Winter wheat harvest is underway in some of the southern reaches of the country– a process that usually takes days, weather-permitting. But for a custom harvester like Rana Zeller who follows the harvest with her equipment and crew no matter the crop.
“With us we start sometimes at the end of March, beginning of April, and we end up usually at the beginning of November. So, it is a long six months.”
Factor in 14 to 16 hour work days during peak harvest season, and travel from field to field and farm to farm across the continental US, and Zeller says it is essential for custom harvesters to have a support system in place to keep spirits up. That system includes the company owners, the farm operations that hire crews to help with the harvest, and, Zeller says, most importantly– crew members themselves.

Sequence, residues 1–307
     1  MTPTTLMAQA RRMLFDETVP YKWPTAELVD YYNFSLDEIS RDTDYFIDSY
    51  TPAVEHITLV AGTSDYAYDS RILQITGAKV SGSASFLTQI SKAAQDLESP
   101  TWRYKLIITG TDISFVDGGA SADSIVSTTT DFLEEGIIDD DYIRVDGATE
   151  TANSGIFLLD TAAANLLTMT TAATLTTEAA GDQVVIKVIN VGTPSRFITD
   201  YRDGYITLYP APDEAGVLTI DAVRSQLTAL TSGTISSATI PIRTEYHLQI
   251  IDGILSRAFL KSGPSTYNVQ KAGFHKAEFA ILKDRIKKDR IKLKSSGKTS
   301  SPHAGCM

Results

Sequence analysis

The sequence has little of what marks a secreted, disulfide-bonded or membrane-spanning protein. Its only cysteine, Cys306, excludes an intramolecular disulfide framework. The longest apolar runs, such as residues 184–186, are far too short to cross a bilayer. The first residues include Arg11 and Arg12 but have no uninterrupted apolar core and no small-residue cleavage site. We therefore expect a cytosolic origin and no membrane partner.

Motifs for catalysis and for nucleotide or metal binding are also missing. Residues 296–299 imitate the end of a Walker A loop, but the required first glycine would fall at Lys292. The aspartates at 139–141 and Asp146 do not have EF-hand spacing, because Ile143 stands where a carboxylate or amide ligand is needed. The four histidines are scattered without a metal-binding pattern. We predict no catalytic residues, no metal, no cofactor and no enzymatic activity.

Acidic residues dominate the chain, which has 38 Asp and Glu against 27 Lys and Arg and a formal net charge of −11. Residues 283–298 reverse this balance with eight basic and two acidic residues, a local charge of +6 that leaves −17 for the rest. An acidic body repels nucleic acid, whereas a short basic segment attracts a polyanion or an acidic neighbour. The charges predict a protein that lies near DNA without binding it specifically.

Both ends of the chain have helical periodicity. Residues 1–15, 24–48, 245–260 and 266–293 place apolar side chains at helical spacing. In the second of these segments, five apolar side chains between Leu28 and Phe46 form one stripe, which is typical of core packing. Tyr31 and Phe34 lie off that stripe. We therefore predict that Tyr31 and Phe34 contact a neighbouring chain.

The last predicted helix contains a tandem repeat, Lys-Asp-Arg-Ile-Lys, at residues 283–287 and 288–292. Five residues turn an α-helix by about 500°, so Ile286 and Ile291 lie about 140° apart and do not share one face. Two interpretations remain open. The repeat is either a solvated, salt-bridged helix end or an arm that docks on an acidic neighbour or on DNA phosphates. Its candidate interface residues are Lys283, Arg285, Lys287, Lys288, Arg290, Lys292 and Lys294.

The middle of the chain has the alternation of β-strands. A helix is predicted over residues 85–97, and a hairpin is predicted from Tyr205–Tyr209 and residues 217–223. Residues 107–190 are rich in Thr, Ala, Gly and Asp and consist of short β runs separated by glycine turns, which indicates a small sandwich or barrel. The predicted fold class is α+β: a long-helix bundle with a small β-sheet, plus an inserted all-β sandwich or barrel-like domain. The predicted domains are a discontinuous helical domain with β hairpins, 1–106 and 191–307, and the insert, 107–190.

“If you’ve got a good team, then keep the morale up. Sometimes when you’re sittin’ in the rain, you’ve gotta guy that owns a Playstation or something, they share they Playstation, or they all go out to eat together, or somebody wants to drive and go somewhere and take a trip– they work together pretty well.”
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